When we approach a prospective new tenant client, we tell them that we NEVER represent landlords, always avoiding this conflict of interest. So, which of our competitors—leasing firms—do the most landlord representation? Who’s marketing the most space in San Francisco?
Below we’ve surveyed the entire 113 million square foot inventory of San Francisco, and illustrated the Top 25 companies listing the most space on the market. Of the top 8 companies, ALL are office leasing brokerage firms, controlling 65% of the City’s vacancy!
These brokerage firms are beholden to more than 350 local landlords, paid to drive up rental rates and drive down concessions for tenants.
Since their allegiance is committed to so many landlords, how can they possibly represent YOUR interests—the tenant’s interests—objectively and aggressively?
The top brokerage companies on the list control more of the City’s vacancy than Tishman Speyer, Shorenstein, RREEF, Boston Properties and Hines. Surprised, are you not?
|% Market Share||Square Feet||# of Landlords/ Buildings|
The % in the chart below refers to the percentage of vacant space under exclusive listing by each company. The accompanying figure is the actual square footage available for lease. We have also noted the number of landlords / buildings represented by each entity.
* Denotes listing brokers. All other companies listed are landlords/developers.
|1||*Jones Lang LaSalle||11.4%||2,618,494||33|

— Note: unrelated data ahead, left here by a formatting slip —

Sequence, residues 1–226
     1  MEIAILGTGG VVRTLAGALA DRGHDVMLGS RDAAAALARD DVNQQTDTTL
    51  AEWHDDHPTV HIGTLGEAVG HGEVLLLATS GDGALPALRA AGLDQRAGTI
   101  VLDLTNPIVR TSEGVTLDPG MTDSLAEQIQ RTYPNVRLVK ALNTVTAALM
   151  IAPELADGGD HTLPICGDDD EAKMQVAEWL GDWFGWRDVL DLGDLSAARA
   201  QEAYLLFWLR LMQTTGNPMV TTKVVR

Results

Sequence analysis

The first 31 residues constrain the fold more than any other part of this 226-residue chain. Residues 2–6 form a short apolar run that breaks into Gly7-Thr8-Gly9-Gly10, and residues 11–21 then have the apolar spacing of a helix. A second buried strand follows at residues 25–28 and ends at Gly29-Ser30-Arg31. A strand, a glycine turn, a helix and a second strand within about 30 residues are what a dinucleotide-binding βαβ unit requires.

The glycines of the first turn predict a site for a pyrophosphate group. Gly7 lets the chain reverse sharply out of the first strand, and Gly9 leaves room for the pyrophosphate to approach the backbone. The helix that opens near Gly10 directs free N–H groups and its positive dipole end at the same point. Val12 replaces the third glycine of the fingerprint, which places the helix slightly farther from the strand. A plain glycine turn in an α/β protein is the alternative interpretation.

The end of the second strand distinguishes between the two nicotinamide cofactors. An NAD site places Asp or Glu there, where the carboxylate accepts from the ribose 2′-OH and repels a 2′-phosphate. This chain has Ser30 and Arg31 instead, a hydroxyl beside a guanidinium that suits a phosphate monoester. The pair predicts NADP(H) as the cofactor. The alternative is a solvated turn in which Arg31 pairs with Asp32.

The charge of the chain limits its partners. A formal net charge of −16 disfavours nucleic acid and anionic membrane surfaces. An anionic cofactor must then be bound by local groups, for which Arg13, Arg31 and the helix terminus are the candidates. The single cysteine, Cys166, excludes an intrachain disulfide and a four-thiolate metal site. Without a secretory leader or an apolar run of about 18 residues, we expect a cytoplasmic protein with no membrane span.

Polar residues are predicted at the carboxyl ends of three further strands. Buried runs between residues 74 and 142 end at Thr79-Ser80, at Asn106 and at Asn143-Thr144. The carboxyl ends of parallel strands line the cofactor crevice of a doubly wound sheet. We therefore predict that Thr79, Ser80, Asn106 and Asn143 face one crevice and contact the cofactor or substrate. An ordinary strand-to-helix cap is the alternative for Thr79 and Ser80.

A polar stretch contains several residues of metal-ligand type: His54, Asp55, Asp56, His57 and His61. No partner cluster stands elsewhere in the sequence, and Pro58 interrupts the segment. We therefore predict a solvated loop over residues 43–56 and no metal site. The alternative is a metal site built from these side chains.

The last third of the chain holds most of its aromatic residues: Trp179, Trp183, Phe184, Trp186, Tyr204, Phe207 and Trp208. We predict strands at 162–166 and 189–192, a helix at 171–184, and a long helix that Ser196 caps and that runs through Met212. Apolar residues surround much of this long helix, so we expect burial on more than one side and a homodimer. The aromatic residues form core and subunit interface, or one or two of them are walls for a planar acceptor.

|2||*The CAC Group||10.4%||2,400,851||59|
|3||*Cushman & Wakefield of California||9.4%||2,167,295||60|
|4||*Cornish & Carey Commercial — Newmark Knight Frank||7.9%||1,821,420||36|
|5||*CB Richard Ellis||6.6%||1,525,831||27|
|6||*Grubb & Ellis||6.6%||1,517,032||69|
|8||*GVA Kidder Mathews||4.8%||1,104,385||36|
|10||Shorenstein Company, LLC||2.2%||499,409||8|
|11||RREEF America LLC||1.9%||447,892||2|
|12||Boston Properties Limited Partnership||1.8%||408,035||4|
|14||Beacon Capital Partners, Inc.||1.3%||307,000||1|
|16||McCarthy Cook & Co.||0.9%||198,907||3|
|17||The Presidio Trust||0.8%||194,881||44|
|18||*TRI Commercial / CORFAC International||0.8%||178,144||56|
|19||*Cassidy Turley BT Commercial||0.7%||161,810||21|
|20||*Johnson Hoke Ltd||0.6%||133,434||8|
|22||*Starboard TCN Worldwide Real Estate||0.5%||116,036||53|
|23||JRT Realty Group, Inc.||0.5%||104,149||1|
|24||*HC&M Commercial Properties, Inc.||0.4%||99,318||16|
|25||*Blatteis Realty Co. Inc.||0.3%||76,056||47|